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Vitamin D Levels May Affect Chronic Neuromuscular Pain

Vitamin D Gel Cap Supplement

This article was originally published on Confronting Chronic Pain by Dr. Steven Richeimer, Director Pain Medicine Master and Certificate.

Many people suffer from what is referred to as non-specific neuromuscular pain.  They are in pain but can’t pinpoint a specific place that hurts, and doctors may not be able to find a concrete reason why they are experiencing it.  Those who experience non-specific neuromuscular pain have good reason to get their vitamin D levels checked.

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Can vitamin D help patients alleviate chronic neuromuscular pain?

New research published in the May 2020 issue of the Ethiopian Journal of Health Sciences evaluated the impact that vitamin D has on patients who experience this type of chronic pain.  They looked at the medical records of 62 patients who experience non-specific neuromuscular pain and fatigue.  In addition, they checked each patient’s serum vitamin D levels.

The patients who participated in the study suffered from a variety of body aches, neck and back pain, and fatigue.  They gave the patients vitamin D supplementation, even though they had access to sunlight on a regular basis.  The serum vitamin D tests showed that all of the participants had less than what is considered to be a healthy level, and nearly 63% of them had a severe deficiency.

Related Reading: An Intersectional Approach to Treating Chronic Pain


Experiment Results

Almost half of the patients, 30 of them, reported that they had improvements in their systems following the vitamin D supplementation.  The researchers concluded that there is a high prevalence of vitamin D deficiency among those who have non-specific neuromuscular pain and fatigue.  They also reported that supplementation leads to a significant improvement in symptoms.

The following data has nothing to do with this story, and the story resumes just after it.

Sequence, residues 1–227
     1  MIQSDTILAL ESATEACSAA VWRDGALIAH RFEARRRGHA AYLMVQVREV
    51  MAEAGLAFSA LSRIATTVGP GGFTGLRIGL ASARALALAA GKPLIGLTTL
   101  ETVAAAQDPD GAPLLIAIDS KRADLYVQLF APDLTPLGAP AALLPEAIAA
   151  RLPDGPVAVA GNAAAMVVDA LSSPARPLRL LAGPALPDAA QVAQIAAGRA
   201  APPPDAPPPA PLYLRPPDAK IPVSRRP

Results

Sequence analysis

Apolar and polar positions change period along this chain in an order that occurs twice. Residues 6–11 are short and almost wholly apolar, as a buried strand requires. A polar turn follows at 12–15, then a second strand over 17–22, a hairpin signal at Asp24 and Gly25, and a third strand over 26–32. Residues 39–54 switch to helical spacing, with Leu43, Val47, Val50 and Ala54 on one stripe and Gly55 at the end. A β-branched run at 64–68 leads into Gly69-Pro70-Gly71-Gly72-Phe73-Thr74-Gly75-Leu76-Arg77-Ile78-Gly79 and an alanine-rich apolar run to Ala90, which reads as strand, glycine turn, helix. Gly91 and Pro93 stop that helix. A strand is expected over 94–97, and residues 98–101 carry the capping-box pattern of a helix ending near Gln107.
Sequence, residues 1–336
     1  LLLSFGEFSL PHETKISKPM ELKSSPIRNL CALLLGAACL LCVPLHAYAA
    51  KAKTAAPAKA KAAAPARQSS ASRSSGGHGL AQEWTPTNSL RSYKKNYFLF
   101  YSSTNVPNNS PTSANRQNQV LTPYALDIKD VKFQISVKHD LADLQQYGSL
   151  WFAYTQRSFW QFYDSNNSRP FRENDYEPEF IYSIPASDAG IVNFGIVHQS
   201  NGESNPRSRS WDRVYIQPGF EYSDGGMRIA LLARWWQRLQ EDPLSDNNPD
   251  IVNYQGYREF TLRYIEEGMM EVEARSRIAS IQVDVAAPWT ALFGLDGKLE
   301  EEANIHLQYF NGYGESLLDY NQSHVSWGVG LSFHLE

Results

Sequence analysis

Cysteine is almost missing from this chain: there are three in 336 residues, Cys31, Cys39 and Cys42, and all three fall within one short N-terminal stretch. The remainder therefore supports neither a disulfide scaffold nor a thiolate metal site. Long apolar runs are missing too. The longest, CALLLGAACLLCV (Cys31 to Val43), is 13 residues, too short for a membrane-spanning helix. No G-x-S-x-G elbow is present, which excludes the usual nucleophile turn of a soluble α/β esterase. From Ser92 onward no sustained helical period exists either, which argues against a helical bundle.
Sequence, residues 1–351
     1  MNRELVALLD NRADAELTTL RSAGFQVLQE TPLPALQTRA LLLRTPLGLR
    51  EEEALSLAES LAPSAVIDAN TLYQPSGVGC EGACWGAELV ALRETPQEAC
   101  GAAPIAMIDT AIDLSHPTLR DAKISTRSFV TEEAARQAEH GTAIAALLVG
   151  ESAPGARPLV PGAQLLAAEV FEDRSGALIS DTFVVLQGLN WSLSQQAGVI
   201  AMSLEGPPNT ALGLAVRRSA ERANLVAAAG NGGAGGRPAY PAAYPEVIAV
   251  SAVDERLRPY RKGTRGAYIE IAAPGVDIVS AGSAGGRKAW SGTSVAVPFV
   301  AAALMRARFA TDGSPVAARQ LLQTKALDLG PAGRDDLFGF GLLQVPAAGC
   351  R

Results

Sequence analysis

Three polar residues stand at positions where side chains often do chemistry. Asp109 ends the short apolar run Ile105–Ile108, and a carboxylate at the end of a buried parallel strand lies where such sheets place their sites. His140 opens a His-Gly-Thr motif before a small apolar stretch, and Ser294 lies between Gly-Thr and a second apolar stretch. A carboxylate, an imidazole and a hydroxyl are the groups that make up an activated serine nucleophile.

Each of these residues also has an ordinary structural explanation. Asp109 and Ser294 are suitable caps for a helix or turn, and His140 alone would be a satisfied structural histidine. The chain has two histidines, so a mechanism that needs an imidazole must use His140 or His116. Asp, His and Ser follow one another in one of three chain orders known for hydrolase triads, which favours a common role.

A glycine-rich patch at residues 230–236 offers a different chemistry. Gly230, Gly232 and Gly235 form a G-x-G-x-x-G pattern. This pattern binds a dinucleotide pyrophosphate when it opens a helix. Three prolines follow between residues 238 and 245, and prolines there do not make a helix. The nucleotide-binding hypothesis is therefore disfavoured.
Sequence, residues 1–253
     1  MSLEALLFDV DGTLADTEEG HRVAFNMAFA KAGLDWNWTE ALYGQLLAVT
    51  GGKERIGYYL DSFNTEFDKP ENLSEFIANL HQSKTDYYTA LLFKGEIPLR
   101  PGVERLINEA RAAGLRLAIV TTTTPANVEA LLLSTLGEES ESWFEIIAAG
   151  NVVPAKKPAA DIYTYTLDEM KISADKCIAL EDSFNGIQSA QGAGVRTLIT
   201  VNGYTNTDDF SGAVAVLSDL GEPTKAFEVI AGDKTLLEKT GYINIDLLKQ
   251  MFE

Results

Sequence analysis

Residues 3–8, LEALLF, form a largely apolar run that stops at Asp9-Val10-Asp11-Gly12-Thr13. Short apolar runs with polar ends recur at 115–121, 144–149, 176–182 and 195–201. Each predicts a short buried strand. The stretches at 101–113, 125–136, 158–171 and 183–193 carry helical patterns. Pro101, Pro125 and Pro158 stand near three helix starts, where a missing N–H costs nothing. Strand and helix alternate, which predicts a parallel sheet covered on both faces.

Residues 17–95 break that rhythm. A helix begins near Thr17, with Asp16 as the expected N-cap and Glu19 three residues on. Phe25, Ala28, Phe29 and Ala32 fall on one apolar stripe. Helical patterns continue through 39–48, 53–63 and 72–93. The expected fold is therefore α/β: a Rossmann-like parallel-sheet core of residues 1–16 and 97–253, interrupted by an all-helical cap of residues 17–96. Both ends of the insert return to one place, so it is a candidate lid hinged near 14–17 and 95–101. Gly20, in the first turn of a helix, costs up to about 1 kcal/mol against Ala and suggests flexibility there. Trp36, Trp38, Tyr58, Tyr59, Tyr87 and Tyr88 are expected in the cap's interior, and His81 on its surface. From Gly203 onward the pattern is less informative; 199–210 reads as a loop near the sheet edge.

It’s a good idea for everyone who has this chronic pain condition to have their vitamin D levels checked to see if that may be a contributing factor.  This is especially true for those who live in areas of the country that don’t get a lot of sunshine.

Vitamin D, according to the National Institutes of Health, can be obtained from some foods, such as fatty fish, beef liver, cheese, mushrooms, fortified milk, and other fortified foods, such as cereals.  Your body can also make it if you get adequate sunlight.  Those who do not get enough of it may experience medical problems.  Vitamin D deficiency is currently being researched in connection to such health issues as autoimmune conditions, diabetes, hypertension, bone disorders, and cancer.

To get your vitamin D levels checked, you can ask your doctor for a test.  If your levels are low, your doctor will provide you with information on supplementation to correct the deficiency.  It’s a quick test that is well worth taking considering the health impact.


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